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The Movius Line

In 1948 Hallam Movius delineated a boundary across Eurasia separating Paleolithic hand ax industries from those without hand axes. The "Movius Line," as it became known, ran from the Caucasus Mountains across south Central Asia and northeast India. Sites containing hand axes and other large bifacial tools were restricted to regions west of the line, while chopper and flake-tool industries were to be found east of the line. Ever since then, archaeologists have been trying to understand the meaning of the Movius Line. The dating of the earliest human remains and archaeological sites in Eurasia to as much as 1.7 million years ago has altered the picture in recent years. It now seems that the oldest industries outside Africa—including per­haps those easts of the Movius Line—antedate the hand ax, which first ap­pears in Africa about 1.65 million years ago. In fact, hand axes do not show up in Eurasia until about 1.4 million years ago. Furthermore, recent dates on archaic human fossils in the Far East now suggest that there may have been relatively little evolutionary change there until the arrival of modern humans. Thus the simplest explanation of the Movius Line is that it reflects the early movement of Homo into eastern Eurasia with pre-hand ax technology that remained essentially unchanged until the spread of mod­ern humans.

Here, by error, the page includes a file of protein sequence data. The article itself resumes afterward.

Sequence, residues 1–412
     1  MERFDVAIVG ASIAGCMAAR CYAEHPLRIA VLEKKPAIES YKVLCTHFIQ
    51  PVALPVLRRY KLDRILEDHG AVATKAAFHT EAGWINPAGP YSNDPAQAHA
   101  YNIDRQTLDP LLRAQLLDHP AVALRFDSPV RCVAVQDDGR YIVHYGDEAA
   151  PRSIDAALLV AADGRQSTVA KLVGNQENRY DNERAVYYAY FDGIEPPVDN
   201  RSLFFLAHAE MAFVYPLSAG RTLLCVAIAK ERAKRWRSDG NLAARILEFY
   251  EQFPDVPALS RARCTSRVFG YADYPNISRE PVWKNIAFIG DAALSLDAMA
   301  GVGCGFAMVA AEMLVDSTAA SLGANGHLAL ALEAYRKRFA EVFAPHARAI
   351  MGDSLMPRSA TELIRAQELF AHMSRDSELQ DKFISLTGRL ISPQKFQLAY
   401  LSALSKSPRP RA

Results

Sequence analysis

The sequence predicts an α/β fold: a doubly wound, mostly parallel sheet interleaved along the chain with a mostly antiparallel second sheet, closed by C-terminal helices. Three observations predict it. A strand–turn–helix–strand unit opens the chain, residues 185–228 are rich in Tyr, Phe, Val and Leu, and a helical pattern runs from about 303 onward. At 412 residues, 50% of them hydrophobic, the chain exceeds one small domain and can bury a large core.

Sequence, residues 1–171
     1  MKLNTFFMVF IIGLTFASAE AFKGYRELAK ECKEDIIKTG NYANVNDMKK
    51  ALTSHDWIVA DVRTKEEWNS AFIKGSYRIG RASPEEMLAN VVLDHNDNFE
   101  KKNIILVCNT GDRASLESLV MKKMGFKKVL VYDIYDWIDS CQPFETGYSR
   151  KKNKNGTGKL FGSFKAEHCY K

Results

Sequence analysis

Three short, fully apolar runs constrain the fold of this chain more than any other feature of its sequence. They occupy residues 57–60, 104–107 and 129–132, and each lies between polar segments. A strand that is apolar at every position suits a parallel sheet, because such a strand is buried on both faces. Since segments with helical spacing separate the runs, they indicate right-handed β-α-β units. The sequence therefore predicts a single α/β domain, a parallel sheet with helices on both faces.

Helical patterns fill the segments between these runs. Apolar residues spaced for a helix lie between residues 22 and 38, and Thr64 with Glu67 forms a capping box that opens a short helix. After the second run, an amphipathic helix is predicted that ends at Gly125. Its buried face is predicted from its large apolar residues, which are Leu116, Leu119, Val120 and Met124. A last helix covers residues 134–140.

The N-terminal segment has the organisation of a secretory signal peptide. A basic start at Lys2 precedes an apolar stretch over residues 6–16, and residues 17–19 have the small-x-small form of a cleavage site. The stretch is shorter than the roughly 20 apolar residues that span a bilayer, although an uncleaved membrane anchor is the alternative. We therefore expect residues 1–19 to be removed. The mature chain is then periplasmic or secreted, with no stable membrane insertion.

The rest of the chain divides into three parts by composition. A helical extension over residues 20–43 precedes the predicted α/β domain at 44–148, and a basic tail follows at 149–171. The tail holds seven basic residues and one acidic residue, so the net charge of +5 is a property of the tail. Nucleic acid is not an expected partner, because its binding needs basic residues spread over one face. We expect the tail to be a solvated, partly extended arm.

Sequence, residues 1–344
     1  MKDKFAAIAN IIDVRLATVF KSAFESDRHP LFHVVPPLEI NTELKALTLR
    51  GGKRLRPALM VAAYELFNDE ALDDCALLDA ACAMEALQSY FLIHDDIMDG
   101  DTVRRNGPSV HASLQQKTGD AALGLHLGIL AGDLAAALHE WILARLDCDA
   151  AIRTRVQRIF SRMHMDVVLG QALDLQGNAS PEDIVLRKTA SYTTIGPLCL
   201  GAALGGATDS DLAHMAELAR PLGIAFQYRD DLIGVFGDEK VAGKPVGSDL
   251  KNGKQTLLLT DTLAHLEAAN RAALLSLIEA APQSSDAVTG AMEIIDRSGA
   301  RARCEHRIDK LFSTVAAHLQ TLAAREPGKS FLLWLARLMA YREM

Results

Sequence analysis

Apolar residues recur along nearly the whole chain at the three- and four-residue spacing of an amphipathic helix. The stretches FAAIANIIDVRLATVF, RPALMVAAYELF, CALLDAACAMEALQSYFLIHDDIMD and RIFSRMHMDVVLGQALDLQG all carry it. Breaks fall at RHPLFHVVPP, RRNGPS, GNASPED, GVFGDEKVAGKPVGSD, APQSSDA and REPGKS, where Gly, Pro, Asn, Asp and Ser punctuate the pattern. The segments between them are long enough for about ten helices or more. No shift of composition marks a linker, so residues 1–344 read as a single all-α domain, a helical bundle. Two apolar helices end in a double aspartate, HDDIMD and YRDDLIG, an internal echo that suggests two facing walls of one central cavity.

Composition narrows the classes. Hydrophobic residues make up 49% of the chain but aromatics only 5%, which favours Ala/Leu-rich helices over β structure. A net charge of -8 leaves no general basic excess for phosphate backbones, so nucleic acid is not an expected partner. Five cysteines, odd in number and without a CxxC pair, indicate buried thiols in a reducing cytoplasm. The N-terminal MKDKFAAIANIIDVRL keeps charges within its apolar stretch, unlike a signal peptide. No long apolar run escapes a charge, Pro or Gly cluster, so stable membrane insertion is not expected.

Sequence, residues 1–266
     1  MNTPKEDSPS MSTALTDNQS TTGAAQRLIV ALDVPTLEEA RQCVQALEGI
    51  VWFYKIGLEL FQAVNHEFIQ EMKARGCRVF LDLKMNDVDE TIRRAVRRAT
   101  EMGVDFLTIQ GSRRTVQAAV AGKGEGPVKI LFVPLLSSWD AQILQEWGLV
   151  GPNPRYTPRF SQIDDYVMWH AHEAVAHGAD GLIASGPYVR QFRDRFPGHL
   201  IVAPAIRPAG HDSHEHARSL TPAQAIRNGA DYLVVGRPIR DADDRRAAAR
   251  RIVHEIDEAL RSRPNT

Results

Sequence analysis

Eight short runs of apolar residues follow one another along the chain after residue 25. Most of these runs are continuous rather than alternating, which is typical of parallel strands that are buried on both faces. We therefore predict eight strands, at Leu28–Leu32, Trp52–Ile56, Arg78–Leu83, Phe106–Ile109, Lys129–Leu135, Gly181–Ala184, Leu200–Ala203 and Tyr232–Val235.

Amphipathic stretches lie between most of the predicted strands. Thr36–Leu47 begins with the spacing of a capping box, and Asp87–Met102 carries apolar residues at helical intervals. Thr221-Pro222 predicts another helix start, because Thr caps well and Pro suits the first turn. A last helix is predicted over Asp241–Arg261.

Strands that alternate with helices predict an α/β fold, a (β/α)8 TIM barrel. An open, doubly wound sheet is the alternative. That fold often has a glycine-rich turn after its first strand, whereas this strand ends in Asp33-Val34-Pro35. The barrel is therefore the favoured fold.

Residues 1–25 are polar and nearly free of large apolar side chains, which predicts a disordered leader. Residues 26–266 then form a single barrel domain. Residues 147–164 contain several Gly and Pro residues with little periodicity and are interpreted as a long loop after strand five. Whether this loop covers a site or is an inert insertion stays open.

It also appears that the Movius Line extends north of 42° into Central Europe. Pre-Neanderthal sites east of Switzerland—or roughly longitude 12° East—contain chopper and flake-tool assemblages like those of the East Asian industries. The sites are much less common than those in Western Eu­rope, perhaps because they represent the margins of the human geographic range at this time. They include Bilzingsleben and Schoningen in eastern Germany and Vertesszollos in Hungary, as well as the site of Korolevo, which lies at the easternmost edge of the Danubian Basin. The human skeletal remains associated with these sites reinforce the im­pression that they form a group distinct from that of the West European sites. Fragments of the back of the skull (occipital bone) from both Bil­zingsleben and Vertesszollos exhibit very primitive features and are said to resemble Homo erectus.


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